Laurie Santos is a professor of psychology and cognitive science at Yale University, her research explores the evolutionary origins of the human mind by comparing the cognitive abilities of humans and non-human animals, including primates and canines.
Recent episodes featuring Laurie Santos
The Money Paradox
TED Radio Hour
What does money tell us about human nature? How does it motivate, trick, satisfy and disappoint us? In this hour, TED speakers share insights into our relationship with money. Guests include psychologist Laurie Santos, behavioral economist Keith Chen, social psychologist Paul Piff, writer Daniel Pink and social scientist Michael Norton. (Original broadcast date: April 4, 2014).
The Money Paradox (R)
TED Radio Hour
What does money tell us about human nature? How does it motivate, trick, satisfy and disappoint us? In this hour, TED speakers share insights into our relationship with money. Psychologist Laurie Santos studies human irrationality by observing how primates make decisions — including some not-so-savvy money choices their human relatives often make. Behavioral economist Keith Chen says languages that don’t have a future tense strongly correlate with higher savings. Social psychologist Paul Piff describes how almost anyone’s behavior can change when they’re made to feel rich. Career analyst and writer Daniel Pink explains why traditional rewards like money aren't always successful motivators. Social scientist Michael Norton researches how money can buy happiness — the key is social spending that benefits not just you, but other people.  
Ep. 270: Laurie Santos Interview with Michael Covel on Trend Following Radio
Trend Following with Michael Covel
Michael Covel speaks with Laurie Santos on today’s podcast. Santos is a professor of psychology and cognitive sciences at Yale University. Her research explores the evolutionary origins of the human mind by comparing the cognitive abilities of human and non-human primates. Santos is able to look at monkeys and their behavior in markets and money, and see the similarities with humans. Covel and Santos discuss some of Santos’ early “ah-ha” moments; teaching monkeys about currencies; whether the monkey economy is as irrational as ours; the endowment effect; how monkeys’ behavior in markets quantitatively matches human behavior; whether some monkeys took to the experimental economy better than others; mistakes and predictable errors; why humans might be uniquely irrational when it comes to enjoying what we pay more for; Vernon Smith’s work; relationships between Santos’ work and the financial crisis of 2008; bubbles, monkeys, and Daniel Kahneman; the “G.I. Joe fallacy”; and why we have trouble accepting cognitive limitations rather than our biological limitations. For more information on Laurie Santos visit www.yale.edu/caplab. Want a free trend following DVD? Go to trendfollowing.com/win.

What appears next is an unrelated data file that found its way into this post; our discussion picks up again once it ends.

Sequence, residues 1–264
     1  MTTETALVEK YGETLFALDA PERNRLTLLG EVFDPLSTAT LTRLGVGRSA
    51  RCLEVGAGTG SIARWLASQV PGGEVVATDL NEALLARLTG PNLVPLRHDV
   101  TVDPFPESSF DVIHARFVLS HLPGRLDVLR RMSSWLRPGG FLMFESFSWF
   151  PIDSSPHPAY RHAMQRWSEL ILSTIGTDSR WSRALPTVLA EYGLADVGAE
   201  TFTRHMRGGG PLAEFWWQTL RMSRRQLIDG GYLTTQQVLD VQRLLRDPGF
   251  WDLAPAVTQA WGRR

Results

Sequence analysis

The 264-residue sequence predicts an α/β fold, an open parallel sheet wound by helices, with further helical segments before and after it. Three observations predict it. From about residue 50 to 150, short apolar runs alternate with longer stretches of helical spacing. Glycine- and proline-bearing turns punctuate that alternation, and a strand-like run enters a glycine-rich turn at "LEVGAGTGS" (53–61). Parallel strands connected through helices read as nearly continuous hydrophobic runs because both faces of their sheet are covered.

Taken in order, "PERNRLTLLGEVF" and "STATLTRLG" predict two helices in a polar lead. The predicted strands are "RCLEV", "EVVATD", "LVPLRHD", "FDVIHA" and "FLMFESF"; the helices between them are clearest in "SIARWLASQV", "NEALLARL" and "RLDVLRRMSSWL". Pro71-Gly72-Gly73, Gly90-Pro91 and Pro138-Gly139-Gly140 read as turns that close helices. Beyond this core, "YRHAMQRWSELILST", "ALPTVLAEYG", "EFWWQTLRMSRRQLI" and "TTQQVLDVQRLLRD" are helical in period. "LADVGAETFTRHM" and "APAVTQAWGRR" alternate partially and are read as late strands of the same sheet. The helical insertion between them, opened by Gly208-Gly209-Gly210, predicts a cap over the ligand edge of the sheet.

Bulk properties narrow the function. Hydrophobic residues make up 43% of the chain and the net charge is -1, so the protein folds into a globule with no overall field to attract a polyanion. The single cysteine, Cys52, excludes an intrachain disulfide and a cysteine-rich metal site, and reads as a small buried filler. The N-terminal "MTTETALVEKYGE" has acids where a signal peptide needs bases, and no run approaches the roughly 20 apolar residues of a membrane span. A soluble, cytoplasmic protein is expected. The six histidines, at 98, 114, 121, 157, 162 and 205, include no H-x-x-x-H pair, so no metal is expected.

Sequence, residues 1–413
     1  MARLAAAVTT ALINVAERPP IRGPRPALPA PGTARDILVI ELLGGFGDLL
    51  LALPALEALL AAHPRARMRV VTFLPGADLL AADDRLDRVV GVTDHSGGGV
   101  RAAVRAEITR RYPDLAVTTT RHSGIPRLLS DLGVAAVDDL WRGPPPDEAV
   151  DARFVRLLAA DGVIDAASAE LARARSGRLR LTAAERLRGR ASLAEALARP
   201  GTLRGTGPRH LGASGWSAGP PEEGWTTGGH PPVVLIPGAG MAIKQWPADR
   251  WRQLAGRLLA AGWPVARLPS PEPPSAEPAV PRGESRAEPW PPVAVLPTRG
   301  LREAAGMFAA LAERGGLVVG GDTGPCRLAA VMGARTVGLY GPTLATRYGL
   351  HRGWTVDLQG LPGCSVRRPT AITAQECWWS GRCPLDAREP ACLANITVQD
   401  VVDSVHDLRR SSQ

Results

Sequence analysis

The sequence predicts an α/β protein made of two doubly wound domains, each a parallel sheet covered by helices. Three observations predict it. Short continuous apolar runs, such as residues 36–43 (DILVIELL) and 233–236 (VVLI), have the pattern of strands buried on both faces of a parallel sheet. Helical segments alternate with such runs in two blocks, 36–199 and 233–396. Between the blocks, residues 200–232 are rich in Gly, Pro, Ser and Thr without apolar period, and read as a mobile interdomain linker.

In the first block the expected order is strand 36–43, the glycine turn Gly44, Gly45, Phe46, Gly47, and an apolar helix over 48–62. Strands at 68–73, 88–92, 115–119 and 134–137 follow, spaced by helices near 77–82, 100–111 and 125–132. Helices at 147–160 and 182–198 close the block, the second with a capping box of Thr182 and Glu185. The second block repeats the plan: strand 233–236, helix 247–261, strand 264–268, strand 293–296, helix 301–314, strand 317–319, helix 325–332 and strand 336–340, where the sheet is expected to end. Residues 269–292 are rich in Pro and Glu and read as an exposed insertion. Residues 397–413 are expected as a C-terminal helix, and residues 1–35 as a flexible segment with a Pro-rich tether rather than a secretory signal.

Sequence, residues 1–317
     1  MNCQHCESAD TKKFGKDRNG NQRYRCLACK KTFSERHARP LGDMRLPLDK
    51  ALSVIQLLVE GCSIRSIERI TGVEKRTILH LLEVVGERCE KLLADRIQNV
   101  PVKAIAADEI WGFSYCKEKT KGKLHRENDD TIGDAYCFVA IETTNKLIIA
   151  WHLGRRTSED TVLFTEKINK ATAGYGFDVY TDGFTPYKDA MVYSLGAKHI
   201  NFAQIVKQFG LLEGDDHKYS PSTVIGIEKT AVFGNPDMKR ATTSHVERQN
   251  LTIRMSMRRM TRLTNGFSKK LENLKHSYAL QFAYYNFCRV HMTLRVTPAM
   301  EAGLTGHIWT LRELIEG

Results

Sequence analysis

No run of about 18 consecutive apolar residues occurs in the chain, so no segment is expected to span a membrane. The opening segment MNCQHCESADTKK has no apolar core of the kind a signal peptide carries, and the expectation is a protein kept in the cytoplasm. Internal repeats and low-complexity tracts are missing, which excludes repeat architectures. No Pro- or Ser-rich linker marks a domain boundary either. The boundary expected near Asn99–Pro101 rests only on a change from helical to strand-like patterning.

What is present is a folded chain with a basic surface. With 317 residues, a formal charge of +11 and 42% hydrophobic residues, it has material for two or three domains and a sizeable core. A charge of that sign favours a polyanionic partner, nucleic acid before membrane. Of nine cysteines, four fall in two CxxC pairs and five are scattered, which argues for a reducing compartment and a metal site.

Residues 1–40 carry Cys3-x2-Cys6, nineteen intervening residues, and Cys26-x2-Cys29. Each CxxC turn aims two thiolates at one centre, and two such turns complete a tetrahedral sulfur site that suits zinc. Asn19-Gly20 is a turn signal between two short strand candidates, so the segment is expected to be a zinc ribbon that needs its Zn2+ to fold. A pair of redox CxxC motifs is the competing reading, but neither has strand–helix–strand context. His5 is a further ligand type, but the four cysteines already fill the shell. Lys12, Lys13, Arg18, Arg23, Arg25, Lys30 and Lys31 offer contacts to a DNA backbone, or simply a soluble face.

Episode 33: Monkeys, Smurfs, and Human Conformity (With Laurie Santos)
Very Bad Wizards
Special guest Laurie Santos (Psychology, Yale) joins us to talk about what animal cognition can tell us about human nature. Why are other primates better at resisting the misleading influence of others than humans? Is conformity a byproduct of our sophisticated cultural learning capacities? Are we more like Chimpanzees or Bonobos? Why does Dave spend so much time writing Smurf fan fiction? [Smurf you, Tamler. -dap]. Also, Dave and Tamler talk about a scathing review of Malcolm Gladwell's new book, and Eliza Sommers poses the question of the day. This was a fun one. LinksComparative Cognition Laboratory [yale.edu]Laurie Santos and Jesse Bering on The Mind Report [bloggingheads.tv] Buy Jesse Bering's latest book "Perv: The Sexual Deviant in All of Us" [amazon.com affiliate link]Philospher's Pipe (a directory of podcasts related to philosophy) [philosopherspipe.com]Smurfette [wikipedia.org]Horner, V., & Whiten, A. (2005). Causal knowledge and imitation/emulation switching in chimpanzees (Pan troglodytes) and children (Homo sapiens). Animal cognition, 8(3), 164-181.Kovács, Á. M., Téglás, E., & Endress, A. D. (2010). The social sense: Susceptibility to others’ beliefs in human infants and adults. Science, 330(6012), 1830-1834. True Bonobo Love [youtube.com]Bonobos vs. Chimps [youtube.com] What does the fox say? [youtube.com] "The Trouble With Malcolm Gladwell."  by Christopher Chabris [Slate.com]."Christopher Chabris Should Calm Down" by Malcolm Gladwell [Slate.com]  Special Guest: Laurie Santos.Support Very Bad Wizards
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Stats
Episode Count
4
Podcast Count
3
Total Airtime
2 hours, 23 minutes